|Nicky on Sharp Edge|
We got on the ridge and the fun started. Its a shame there are not more ridges like Crib Goch, Striding Edge and Sharp Edge around. They are the most fun you can have on a mountain in my opinion. Having to concentrate your brain and exercise every part of your body is so invigorating. Knowing full well that any mistake in these situations could realistically be fatal adds extra fear and fun at the same time in a weird way. You feel at one with a mountain when you are exploring it and walking over it, but to be clinging on to it for dear life is one step further! The ridges pointy and crumbly old rocks, Blencathra being made of Europe's oldest rock, were not wet despite the looming clouds and mist. A good thing as we approached the infamous 'Bad Step' a large piece of smooth angled rock that is a regular haunt of the local Mountain Rescue teams. We passed safely over the Bad Step and moved on towards the final part of ridge. The final part of the ridge is a steep but fun climb which eventually tops out on the saddle between Blencathra and Atkinson Pike.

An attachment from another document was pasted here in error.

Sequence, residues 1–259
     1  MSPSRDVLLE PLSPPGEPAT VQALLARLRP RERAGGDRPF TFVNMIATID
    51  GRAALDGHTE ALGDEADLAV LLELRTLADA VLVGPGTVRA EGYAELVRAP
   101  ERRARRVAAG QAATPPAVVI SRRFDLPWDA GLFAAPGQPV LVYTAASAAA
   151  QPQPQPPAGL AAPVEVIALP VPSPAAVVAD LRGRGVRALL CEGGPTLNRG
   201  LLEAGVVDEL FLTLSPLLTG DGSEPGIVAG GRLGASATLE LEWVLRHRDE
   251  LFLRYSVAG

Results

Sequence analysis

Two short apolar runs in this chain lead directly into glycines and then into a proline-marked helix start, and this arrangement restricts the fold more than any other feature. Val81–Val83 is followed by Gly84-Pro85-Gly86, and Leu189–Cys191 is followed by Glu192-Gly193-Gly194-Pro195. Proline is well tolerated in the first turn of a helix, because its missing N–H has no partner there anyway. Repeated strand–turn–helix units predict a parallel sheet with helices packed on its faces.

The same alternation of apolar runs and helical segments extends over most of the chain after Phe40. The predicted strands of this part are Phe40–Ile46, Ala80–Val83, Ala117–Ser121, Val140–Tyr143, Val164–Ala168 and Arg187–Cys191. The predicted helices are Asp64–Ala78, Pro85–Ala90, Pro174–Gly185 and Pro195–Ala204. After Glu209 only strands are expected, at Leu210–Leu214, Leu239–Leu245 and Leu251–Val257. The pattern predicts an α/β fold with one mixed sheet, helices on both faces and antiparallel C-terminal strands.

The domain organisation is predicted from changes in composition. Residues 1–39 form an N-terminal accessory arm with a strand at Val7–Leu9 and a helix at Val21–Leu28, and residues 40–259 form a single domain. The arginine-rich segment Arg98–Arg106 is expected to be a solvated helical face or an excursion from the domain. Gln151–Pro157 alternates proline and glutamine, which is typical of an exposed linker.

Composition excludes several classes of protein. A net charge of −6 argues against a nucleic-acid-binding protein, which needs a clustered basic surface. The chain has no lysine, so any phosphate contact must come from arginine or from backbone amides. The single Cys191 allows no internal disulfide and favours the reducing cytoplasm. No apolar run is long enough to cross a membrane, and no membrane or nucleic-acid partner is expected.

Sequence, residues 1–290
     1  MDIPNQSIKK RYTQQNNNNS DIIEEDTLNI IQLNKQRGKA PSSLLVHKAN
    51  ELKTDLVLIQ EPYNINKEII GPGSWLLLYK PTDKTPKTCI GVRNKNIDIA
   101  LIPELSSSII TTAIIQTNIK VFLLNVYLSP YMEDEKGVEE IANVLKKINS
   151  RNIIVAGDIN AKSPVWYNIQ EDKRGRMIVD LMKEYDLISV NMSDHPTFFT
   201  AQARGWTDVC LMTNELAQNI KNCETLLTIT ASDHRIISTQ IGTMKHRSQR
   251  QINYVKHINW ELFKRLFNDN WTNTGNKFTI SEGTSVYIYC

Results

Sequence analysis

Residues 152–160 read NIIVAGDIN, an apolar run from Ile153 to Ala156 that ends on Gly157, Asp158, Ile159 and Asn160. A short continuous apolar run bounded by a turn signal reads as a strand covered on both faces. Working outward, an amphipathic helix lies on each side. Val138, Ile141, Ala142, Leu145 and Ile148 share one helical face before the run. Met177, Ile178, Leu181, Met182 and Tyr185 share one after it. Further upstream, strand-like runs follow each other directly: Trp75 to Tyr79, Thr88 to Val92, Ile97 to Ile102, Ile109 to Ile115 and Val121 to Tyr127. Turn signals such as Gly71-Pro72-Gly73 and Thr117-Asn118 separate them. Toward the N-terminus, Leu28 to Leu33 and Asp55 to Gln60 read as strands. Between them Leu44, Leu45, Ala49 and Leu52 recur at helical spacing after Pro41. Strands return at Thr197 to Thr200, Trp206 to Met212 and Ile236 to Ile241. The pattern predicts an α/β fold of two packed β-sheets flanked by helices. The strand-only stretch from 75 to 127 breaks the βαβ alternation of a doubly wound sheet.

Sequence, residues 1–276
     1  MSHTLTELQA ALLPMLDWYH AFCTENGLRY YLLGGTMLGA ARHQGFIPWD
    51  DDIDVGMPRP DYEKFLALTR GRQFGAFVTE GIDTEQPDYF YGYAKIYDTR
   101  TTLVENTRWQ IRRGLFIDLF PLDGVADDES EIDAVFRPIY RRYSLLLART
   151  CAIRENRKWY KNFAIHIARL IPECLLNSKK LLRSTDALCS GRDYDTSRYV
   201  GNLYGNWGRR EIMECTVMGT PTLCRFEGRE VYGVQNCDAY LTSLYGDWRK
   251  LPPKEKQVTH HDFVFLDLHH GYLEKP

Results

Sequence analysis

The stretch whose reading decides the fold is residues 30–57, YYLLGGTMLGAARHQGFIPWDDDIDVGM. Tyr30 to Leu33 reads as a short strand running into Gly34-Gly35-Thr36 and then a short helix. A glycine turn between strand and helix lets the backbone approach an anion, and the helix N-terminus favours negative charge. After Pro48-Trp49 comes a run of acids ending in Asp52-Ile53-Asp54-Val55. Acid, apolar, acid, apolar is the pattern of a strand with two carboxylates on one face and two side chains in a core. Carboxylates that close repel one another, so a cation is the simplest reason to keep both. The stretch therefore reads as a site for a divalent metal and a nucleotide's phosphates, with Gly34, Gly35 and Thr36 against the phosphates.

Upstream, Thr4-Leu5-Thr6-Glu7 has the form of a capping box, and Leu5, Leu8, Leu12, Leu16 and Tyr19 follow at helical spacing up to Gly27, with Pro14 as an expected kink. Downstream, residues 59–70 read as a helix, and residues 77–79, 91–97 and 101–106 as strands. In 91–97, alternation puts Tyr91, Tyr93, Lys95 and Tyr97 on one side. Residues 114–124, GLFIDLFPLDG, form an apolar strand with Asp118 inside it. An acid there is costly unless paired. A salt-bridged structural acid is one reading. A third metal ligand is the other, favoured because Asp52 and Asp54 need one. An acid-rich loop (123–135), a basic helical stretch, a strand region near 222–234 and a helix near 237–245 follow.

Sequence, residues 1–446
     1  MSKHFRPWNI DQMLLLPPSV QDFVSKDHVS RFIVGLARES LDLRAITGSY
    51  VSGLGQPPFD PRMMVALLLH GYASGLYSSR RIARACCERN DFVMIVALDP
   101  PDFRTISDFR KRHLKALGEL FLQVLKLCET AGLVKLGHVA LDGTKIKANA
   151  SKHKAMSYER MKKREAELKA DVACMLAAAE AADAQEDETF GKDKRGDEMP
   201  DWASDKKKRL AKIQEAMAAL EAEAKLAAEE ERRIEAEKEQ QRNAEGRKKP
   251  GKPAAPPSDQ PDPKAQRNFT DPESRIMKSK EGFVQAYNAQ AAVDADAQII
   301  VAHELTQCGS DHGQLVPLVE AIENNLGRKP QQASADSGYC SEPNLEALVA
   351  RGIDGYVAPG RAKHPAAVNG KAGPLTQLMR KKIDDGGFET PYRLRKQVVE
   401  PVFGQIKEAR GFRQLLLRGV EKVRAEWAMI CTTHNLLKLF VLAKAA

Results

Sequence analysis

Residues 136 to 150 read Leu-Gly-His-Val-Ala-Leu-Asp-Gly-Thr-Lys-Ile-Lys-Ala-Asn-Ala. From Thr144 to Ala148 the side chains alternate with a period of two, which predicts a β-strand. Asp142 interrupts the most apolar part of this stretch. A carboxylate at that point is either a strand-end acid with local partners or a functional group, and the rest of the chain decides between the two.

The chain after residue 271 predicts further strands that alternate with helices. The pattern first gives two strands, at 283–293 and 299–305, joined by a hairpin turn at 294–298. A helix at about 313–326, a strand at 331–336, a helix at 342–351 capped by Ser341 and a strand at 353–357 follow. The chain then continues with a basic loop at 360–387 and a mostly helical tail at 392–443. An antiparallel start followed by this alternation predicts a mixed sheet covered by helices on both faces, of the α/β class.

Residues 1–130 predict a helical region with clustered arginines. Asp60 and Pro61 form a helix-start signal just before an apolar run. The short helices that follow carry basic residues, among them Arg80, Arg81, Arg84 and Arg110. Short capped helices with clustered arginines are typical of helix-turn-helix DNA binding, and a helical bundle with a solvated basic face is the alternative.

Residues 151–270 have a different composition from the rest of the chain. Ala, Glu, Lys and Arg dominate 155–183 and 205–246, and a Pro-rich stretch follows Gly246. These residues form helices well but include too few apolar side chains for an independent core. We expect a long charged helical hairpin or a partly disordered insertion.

|Nicky on the final part of Sharp Edge|
Once on the summit we strayed off path slightly, running parallel to the usual path and looking for the cross made of white stones that I've seen on photos and Google Maps. We never found it and all we saw was sheep. Looking at Google Maps now, I can see that we were not far from it, but as we had no map wandering off in the mist was kept to a minimum. We reached the summit and the views were, erm well there wasn't any! We took a photo and decided it probably wasn't the best idea to stand or sit around on the windy summit so we set off down Halls Fell Ridge. I wasn't too sure if Halls Fell Ridge came straight off the summit and had no map but was fortunate to find another mapped walker who let me look and confirm it was off the summit. We headed off down the rocky descent of Hall's Fell Ridge. The ridge was good fun, not as hands on as Sharp Edge obviously but still good fun and usually the views off it are incredible. This way down seemed to take a very long time and after confirming on a map I now know why as it is four times longer than Sharp Edge, which makes sense really as you are going the full drop from mountain summit to the A66 which you are not at all when you come up the other way.